ST. PETERSBURG — In 90 minutes, it never came up.
Rays principal owner Stu Sternberg says he did not formally ask St. Petersburg Mayor Rick Kriseman during their meeting Tuesday if the mayor would grant the team permission to explore the possibility of splitting home games between Tampa Bay and Montreal prior to 2027. Without Kriseman’s blessing, the plan goes nowhere.
So what did they talk about?
“The purpose of the meeting was just to re-start conversations that we’ve always had over the years that clearly had gone a little sideways in the press,” Sternberg said at Tropicana Field after the meeting, which included the owner and team presidents Brian Auld and Matt Silverman for the Rays, Kriseman and Deputy Mayor Kanika Tomalin for the city. “I think we accomplished that and it was successful.”
THE IDEA: Rays explain details of Montreal plan: ‘This is not a staged exit.’
THE HISTORY: Three mayors. One owner. No deal. St. Pete’s futile history with the Rays.
The mayor declined to comment on the meeting through his spokesperson.
It was the first time Sternberg and Kriseman have met since the owner announced his intent last month to explore the split-season concept, which would have the team playing open air baseball in two new stadiums, dodging bad weather by playing the spring schedule in Tampa Bay when it’s mild, and transitioning to Montreal for the summer games.
Both sides were coy about the discussion topics leading up to and after the summit. Kriseman pulled his black SUV into his parking spot on the south side of the city’s old police headquarters — which is serving as temporary City Hall while the real one undergoes renovations — minutes before the 3 p.m. meeting and entered via the employee entrance. He wouldn’t speculate about how the encounter might go.
Sternberg, Auld and Silverman arrived minutes later, ascending the north side staircase.
"We're just going to talk today," Sternberg said on his way into the public entrance. The guests didn't sign in.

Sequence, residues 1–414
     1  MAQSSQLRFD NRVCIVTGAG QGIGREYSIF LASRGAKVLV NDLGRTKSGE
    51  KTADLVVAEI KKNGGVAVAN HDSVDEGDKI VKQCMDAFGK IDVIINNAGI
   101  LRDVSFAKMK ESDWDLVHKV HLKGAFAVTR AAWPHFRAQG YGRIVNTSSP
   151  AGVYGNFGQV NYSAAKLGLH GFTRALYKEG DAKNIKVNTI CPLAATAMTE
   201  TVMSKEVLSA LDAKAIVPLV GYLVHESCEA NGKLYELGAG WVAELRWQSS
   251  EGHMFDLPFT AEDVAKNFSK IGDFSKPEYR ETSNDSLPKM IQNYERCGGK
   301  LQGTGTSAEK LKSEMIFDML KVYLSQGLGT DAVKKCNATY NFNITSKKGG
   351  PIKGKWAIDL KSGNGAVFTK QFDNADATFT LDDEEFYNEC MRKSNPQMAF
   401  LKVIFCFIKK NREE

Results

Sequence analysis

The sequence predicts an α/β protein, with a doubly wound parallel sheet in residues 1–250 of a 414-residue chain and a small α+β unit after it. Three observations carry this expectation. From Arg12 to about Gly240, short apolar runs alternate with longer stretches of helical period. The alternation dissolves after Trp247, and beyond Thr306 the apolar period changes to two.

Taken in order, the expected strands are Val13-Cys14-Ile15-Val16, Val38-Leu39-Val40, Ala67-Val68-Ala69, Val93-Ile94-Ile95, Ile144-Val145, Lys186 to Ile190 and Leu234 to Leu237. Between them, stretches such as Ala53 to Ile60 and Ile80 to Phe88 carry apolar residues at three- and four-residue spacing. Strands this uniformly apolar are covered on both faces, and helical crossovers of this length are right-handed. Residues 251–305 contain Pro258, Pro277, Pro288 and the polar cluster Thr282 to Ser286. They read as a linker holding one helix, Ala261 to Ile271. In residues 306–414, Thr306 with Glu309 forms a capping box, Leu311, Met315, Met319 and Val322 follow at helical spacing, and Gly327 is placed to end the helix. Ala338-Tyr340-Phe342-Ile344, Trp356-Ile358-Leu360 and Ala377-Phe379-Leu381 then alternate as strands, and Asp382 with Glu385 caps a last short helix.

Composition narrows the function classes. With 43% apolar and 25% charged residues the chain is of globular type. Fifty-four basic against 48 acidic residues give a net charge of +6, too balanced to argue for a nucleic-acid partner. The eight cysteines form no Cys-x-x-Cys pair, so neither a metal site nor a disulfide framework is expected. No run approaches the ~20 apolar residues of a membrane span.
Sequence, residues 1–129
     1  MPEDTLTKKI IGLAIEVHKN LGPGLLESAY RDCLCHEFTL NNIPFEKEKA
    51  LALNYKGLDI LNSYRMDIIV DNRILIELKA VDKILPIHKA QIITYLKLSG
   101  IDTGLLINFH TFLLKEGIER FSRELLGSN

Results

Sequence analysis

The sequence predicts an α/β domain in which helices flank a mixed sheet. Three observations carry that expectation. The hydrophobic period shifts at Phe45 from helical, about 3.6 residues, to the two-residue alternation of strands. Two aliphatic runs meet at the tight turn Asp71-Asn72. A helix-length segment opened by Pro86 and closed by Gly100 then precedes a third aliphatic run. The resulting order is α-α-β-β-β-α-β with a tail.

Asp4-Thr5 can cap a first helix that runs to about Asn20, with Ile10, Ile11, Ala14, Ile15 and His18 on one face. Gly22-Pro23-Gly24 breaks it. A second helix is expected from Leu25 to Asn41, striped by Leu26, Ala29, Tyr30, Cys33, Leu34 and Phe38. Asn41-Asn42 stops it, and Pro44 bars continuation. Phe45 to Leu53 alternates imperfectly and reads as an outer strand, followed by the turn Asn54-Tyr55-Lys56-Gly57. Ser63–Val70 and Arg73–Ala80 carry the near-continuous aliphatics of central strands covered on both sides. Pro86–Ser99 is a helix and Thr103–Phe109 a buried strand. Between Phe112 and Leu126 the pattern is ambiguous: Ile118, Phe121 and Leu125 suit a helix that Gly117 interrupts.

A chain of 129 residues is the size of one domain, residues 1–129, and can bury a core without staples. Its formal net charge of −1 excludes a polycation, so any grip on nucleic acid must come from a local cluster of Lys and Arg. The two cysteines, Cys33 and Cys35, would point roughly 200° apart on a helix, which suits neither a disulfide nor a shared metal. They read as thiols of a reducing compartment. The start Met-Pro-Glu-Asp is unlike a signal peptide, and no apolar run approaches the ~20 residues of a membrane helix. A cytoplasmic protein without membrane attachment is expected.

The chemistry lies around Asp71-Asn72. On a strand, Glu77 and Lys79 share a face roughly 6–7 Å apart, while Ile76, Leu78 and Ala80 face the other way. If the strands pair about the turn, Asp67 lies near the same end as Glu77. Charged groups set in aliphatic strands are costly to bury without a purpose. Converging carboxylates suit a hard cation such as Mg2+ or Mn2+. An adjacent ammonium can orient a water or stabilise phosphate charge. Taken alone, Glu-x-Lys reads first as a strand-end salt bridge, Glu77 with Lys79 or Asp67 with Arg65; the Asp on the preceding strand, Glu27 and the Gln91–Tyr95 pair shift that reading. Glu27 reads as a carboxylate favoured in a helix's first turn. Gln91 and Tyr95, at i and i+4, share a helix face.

FROM ST. PETERSBURG: Why the Rays think their Montreal idea is so ‘amazing’
FROM MONTREAL: The Montreal perspective on the Rays’ split-season proposal
The two sides could hardly have been further apart when the meeting commenced. Kriseman, when he first heard the Rays were pushing the proposal, dismissed it as “a bit silly” and decried it as a negotiating ploy to extract more public money from city and county officials for a new full-time ballpark in St. Petersburg. He initially said he would not let the team out of its Tropicana Field contract, which includes a powerful exclusivity clause that prohibits the team from playing — or even negotiating to play — home games anywhere else through the 2027 season. Plus, he and county leaders said there is little appetite to commit public dollars to a part-time stadium.
The mayor later softened his stance, saying he would be willing to listen if the team wants to privately fund a new stadium in St. Petersburg for half a season’s worth of games. He warned, though, that permission would come at a cost to the team. Kriseman has maintained his belief that the Trop property, a ripe development opportunity on the edge of a growing downtown, is still the best long-term location for the team.
THE LEASE: Did the Rays’ talks with Montreal violate the Tropicana Field lease?
THE TROP: St. Petersburg’s future lies beneath Tropicana Field. Do the Rays stand in the way?
Sternberg has remained steadfast that he’s genuine about the idea. No, it’s not an exit strategy and, no, it’s not a negotiating tactic, he has said. He has pitched it to fans as the only way to keep big league ball in Tampa Bay.
Sternberg said the group will meet again soon but has not settled on a date.
Did he have a gut feeling about how receptive to the Montreal idea Kriseman was?
“I don’t, I don’t," the owner said. “It wasn’t about that at all today.”
Times staff writer John Romano contributed to this report. Contact Josh Solomon at firstname.lastname@example.org or (813) 909-4613. Follow @ByJoshSolomon.